GSA Connects 2021 in Portland, Oregon

Paper No. 163-3
Presentation Time: 9:00 AM-1:00 PM


MULCAHY, Sean, SCHERMER, Elizabeth and SINGLETON, Kalieh, Geology Department, Western Washington University, 516 High St, Bellingham, WA 98225

Subduction accretion complexes undergo prolonged and polyphase deformation that results in complex contact relationships between exhumed litho-tectonic units and different protoliths. The Northwest Cascades Thrust System in Washington and British Columbia is a composite nappe sequence of accreted terranes that experienced >55 million years of subduction and accretion. While the overall structure of the nappe sequence and the relative timing of nappe emplacement are well constrained, different structural interpretations exist based on the affinity of metamorphosed mafic plutonic and volcanic rocks with variable (MORB and island arc) chemistry that occur near the boundary between the Easton and Haystack nappes. One model places the mafic protoliths within the Easton nappe that were incorporated during pre- or syn-subduction faulting in the Jurassic, while an alternative model places the mafic protoliths within the overlying Haystack nappe that was faulted against the Easton nappe during the Paleogene.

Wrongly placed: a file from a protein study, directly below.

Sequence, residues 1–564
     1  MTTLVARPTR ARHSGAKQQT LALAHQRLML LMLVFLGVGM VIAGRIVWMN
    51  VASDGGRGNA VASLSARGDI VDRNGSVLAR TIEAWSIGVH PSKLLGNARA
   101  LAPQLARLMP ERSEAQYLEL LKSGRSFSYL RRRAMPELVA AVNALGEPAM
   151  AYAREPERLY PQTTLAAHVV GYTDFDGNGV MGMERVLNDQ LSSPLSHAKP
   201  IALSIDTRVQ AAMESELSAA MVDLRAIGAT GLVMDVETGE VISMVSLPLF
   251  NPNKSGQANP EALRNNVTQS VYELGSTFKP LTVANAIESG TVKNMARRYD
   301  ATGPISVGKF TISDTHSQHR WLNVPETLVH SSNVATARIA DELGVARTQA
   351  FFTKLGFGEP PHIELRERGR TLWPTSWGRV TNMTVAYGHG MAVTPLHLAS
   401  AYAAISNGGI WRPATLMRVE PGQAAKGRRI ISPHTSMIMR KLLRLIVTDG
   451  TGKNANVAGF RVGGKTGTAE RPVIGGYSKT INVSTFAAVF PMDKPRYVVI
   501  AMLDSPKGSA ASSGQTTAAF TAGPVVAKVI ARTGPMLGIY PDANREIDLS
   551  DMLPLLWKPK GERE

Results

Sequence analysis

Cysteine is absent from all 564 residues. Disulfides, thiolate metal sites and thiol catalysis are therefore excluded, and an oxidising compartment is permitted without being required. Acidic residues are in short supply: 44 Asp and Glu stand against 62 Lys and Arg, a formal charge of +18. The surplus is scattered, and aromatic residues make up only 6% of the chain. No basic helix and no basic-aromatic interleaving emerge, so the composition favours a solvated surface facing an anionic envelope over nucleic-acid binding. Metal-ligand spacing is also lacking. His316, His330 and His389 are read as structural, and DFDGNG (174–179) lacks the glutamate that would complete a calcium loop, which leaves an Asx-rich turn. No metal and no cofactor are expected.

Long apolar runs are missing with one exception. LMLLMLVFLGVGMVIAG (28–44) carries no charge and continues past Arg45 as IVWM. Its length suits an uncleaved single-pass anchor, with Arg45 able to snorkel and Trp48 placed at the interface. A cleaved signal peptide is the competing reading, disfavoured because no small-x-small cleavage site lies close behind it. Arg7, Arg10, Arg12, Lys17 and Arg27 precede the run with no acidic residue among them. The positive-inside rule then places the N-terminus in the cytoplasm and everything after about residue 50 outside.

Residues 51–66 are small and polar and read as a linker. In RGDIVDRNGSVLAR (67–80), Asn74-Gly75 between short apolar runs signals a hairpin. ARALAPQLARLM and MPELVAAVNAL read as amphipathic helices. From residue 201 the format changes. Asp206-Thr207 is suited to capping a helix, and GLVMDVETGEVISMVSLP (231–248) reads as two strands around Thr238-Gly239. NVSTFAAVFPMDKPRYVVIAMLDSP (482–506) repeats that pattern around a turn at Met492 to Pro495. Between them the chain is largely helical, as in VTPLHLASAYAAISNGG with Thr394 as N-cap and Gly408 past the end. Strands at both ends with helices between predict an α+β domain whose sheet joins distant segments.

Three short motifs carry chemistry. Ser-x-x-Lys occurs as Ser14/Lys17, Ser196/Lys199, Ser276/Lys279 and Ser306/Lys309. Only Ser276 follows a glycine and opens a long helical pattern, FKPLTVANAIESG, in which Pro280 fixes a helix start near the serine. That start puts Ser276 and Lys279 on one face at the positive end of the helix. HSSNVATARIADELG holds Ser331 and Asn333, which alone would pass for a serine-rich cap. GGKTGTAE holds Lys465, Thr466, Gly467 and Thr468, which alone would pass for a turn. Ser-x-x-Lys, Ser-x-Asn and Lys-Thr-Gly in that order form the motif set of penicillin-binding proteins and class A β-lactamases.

Our mapping, structural analysis, geochronology and geochemistry focus on the origin and tectonic history of the nappes in the southwestern Northwest Cascades Thrust System. Building on earlier mapping, we recognize steeply dipping sheared contacts between mafic rocks and semischist and phyllite of the Easton nappe. Foliation in the Easton units is parallel to narrow mylonitic zones in the adjacent mafic rocks. The mylonitic fabric in mafic rocks contains white mica and chlorite and appears to correlate with S2 in Easton semischist. The latter was dated as ≥140 Ma by previous work in other parts of the Easton nappe, suggesting that the mafic igneous rocks were incorporated into the Easton before or during subduction. Mapped contacts that cross-cut foliation in Easton rocks are interpreted as younger, likely Paleogene or Neogene faults. These faults are typically steeply dipping and locally involve Eocene units. Gently dipping contacts at the base of the Haystack nappe not are not observed in the study area, implying the boundary between the two nappes is located further to the south. Geochronology and geochemistry work are in progress to determine the origin and age of the mafic units protolith and the age of structural fabrics in the region.